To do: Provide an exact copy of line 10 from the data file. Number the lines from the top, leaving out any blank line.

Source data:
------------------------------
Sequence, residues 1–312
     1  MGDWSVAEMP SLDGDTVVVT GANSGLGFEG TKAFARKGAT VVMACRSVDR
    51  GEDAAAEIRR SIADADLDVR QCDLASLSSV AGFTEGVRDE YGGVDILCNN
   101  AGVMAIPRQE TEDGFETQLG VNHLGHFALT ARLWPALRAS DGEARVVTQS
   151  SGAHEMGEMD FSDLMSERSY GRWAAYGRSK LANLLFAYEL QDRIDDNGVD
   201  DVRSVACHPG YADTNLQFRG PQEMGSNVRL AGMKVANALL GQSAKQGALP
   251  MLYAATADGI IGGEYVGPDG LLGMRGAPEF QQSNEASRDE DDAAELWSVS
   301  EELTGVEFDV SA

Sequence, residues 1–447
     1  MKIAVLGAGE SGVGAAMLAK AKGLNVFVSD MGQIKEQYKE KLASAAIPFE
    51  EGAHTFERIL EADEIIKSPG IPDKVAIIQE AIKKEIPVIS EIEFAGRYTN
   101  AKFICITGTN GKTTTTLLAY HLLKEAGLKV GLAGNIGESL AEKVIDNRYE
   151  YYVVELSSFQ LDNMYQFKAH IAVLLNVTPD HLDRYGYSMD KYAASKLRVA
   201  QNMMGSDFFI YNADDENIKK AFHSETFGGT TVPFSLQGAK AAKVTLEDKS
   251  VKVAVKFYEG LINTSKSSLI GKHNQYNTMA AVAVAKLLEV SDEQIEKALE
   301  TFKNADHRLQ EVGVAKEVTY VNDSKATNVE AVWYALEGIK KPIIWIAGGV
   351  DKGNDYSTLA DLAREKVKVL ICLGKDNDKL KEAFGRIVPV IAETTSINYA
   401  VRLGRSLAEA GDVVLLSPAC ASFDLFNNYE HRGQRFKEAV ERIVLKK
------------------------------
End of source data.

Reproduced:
     1  MKIAVLGAGE SGVGAAMLAK AKGLNVFVSD MGQIKEQYKE KLASAAIPFE